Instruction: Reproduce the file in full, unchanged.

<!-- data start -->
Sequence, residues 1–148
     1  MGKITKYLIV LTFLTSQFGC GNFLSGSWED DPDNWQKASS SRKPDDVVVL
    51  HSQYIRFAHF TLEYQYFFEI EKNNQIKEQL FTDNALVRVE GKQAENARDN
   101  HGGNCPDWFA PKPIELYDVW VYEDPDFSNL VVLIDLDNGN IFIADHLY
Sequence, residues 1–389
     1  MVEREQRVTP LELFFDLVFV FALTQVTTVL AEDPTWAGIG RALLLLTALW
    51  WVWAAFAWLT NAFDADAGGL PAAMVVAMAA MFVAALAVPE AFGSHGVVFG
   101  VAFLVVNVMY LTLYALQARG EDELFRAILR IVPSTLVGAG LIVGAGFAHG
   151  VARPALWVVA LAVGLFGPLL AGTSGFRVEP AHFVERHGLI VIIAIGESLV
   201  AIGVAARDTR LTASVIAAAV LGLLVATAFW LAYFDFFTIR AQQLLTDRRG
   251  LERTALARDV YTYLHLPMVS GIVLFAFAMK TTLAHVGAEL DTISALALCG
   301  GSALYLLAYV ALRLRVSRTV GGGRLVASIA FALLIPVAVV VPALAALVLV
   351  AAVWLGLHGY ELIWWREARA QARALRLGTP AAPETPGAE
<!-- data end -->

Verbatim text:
Sequence, residues 1–148
     1  MGKITKYLIV LTFLTSQFGC GNFLSGSWED DPDNWQKASS SRKPDDVVVL
    51  HSQYIRFAHF TLEYQYFFEI EKNNQIKEQL FTDNALVRVE GKQAENARDN
   101  HGGNCPDWFA PKPIELYDVW VYEDPDFSNL VVLIDLDNGN IFIADHLY
Sequence, residues 1–389
     1  MVEREQRVTP LELFFDLVFV FALTQVTTVL AEDPTWAGIG RALLLLTALW
    51  WVWAAFAWLT NAFDADAGGL PAAMVVAMAA MFVAALAVPE AFGSHGVVFG
   101  VAFLVVNVMY LTLYALQARG EDELFRAILR IVPSTLVGAG LIVGAGFAHG
   151  VARPALWVVA LAVGLFGPLL AGTSGFRVEP AHFVERHGLI VIIAIGESLV
   201  AIGVAARDTR LTASVIAAAV LGLLVATAFW LAYFDFFTIR AQQLLTDRRG
   251  LERTALARDV YTYLHLPMVS GIVLFAFAMK TTLAHVGAEL DTISALALCG
   301  GSALYLLAYV ALRLRVSRTV GGGRLVASIA FALLIPVAVV VPALAALVLV
   351  AAVWLGLHGY ELIWWREARA QARALRLGTP AAPETPGAE